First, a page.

by David Armand
My brother and I are playing outside
while our dad nails together the frame
for a rabbit cage. It’s for our sister
who’s out at the store with Mom.
They’ve taken the only car we have:
a blue Pinto we rent for sixty dollars
a week, a car so small my brother and I
have to ride in the hatchback trunk
when we take my sister to school
in the mornings. It’s always cold
back there, even with the heater on.
We write our names on the glass.
Anyway, in the midst of the noise
of hammer against wood and nail,
we hear my father grunt in pain.
Then we hear him calling for help.
We run over to see he’s nailed
his hand to the side of the cage.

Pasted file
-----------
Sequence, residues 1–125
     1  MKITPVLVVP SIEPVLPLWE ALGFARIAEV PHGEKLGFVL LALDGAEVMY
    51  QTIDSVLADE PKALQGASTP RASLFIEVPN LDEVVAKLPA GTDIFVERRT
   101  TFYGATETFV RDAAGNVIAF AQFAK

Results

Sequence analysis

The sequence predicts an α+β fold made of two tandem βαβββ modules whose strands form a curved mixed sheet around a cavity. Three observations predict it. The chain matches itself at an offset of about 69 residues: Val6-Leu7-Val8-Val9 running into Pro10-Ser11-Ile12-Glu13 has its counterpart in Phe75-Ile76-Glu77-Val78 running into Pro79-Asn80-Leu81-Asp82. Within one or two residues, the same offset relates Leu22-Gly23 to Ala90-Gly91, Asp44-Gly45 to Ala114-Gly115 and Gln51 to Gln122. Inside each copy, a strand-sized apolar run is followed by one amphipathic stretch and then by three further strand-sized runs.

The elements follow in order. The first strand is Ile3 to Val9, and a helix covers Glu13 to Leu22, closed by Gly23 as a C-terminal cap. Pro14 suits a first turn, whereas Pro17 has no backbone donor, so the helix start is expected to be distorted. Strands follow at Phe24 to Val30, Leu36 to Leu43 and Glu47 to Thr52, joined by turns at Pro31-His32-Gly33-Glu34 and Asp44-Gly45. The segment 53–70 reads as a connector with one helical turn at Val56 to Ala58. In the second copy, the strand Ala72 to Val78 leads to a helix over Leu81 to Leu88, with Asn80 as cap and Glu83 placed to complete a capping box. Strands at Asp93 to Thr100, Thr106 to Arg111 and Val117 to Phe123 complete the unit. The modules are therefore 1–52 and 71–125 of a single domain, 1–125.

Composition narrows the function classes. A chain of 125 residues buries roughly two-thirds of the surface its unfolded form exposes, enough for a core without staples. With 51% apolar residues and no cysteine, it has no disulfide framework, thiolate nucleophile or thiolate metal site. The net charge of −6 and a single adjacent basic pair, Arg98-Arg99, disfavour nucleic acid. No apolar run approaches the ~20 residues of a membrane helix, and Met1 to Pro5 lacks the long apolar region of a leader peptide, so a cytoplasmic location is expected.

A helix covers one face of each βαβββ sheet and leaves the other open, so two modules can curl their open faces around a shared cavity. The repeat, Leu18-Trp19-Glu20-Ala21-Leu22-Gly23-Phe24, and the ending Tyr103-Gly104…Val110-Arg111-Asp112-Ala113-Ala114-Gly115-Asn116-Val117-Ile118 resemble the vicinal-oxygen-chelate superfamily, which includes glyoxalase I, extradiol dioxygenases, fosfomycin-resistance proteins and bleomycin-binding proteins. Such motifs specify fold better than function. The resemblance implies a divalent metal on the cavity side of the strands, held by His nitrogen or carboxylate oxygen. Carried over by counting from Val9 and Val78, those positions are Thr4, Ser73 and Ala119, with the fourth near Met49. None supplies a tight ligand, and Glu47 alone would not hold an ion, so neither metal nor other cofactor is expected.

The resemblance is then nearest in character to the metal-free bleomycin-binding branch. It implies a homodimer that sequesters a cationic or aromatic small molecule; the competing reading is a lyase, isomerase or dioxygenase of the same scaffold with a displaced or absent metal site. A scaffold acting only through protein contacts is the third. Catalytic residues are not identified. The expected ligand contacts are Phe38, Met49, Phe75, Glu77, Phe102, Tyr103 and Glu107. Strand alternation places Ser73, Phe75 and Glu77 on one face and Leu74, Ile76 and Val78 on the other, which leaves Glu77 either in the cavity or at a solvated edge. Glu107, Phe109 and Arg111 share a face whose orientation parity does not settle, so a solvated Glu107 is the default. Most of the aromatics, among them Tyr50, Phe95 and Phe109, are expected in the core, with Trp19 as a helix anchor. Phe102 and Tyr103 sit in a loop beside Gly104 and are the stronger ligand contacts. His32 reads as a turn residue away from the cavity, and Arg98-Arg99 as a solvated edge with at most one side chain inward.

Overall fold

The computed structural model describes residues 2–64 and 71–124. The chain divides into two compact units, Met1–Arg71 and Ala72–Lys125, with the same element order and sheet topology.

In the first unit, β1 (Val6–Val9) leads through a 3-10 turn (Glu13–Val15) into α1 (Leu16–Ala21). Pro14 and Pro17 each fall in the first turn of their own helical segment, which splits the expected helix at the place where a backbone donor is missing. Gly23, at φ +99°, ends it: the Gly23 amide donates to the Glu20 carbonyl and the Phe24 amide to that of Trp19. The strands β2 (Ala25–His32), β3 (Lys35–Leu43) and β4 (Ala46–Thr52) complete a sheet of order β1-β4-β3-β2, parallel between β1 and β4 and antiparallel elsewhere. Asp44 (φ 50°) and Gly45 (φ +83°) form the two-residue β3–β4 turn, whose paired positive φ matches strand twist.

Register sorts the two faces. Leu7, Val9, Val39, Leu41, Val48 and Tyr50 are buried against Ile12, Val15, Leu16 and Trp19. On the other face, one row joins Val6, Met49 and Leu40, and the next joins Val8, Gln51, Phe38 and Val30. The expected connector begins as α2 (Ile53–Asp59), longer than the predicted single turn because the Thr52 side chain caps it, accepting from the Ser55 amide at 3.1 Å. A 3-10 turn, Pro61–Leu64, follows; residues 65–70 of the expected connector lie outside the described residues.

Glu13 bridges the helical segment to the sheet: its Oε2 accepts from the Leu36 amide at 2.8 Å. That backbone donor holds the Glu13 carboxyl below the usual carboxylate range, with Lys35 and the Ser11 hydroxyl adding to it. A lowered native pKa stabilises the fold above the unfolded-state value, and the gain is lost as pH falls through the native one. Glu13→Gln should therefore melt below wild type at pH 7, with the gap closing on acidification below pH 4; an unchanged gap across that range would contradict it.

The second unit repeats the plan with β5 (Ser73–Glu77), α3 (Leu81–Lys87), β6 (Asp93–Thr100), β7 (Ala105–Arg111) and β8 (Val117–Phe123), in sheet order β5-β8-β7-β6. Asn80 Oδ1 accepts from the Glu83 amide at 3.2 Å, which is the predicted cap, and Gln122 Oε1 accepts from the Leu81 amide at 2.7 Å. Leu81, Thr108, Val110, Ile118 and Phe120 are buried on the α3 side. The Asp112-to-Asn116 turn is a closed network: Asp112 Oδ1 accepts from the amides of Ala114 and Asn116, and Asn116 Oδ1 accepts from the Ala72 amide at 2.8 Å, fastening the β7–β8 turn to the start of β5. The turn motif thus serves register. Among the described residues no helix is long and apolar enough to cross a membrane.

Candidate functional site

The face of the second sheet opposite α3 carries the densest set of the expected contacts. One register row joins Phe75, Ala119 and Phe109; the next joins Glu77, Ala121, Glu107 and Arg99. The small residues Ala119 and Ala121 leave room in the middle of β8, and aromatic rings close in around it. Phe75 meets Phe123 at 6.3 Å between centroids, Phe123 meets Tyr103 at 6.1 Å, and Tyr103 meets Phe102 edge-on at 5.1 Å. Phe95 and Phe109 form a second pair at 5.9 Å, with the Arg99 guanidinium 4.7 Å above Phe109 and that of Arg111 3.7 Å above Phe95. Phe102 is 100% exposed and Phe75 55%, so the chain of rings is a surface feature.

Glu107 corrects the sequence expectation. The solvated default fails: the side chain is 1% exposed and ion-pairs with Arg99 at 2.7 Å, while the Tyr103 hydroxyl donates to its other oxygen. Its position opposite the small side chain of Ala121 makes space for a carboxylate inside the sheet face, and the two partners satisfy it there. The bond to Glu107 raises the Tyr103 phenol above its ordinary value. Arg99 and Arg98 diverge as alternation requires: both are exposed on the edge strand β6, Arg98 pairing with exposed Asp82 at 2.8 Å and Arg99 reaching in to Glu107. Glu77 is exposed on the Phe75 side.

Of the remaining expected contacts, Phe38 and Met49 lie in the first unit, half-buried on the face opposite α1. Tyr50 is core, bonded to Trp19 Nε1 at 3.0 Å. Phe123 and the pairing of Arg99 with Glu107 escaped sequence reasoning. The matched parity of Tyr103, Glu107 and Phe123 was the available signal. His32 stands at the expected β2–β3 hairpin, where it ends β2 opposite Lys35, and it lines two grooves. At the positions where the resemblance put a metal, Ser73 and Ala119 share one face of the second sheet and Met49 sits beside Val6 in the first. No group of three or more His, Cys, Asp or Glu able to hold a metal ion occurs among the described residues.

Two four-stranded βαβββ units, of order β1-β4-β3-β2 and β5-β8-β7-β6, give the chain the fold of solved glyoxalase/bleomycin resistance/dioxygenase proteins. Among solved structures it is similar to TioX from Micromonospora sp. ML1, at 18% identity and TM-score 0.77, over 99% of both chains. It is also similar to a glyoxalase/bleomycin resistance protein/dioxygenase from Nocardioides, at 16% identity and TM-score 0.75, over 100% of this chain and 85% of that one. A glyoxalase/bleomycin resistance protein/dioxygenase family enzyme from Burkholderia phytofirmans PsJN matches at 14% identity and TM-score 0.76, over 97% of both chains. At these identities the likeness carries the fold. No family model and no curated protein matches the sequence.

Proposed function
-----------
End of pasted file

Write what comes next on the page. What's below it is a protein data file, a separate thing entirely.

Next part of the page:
How he did this I’ll never know.
But he is losing a lot of blood,
his face is pale, his eyes are rolled
up to their white and bloodshot rims.
We help him get loose.
When our mom and sister get home,
they seem hard pressed to puzzle out
the rabbit cage leaning on its side,
but after a few minutes of explaining,
we all squeeze back into the blue Pinto
and drive to the hospital, sit there
for hours, then go back home, taking
turns in the one tiny bathroom,
washing ourselves and getting
ready for the next long day ahead,
as if all of this has happened before
and will continue to happen again
so long as we are poor and have
to do so much with so little.
Category: Featured, Poetry, SNHU Creative Writing, SNHU online creative writing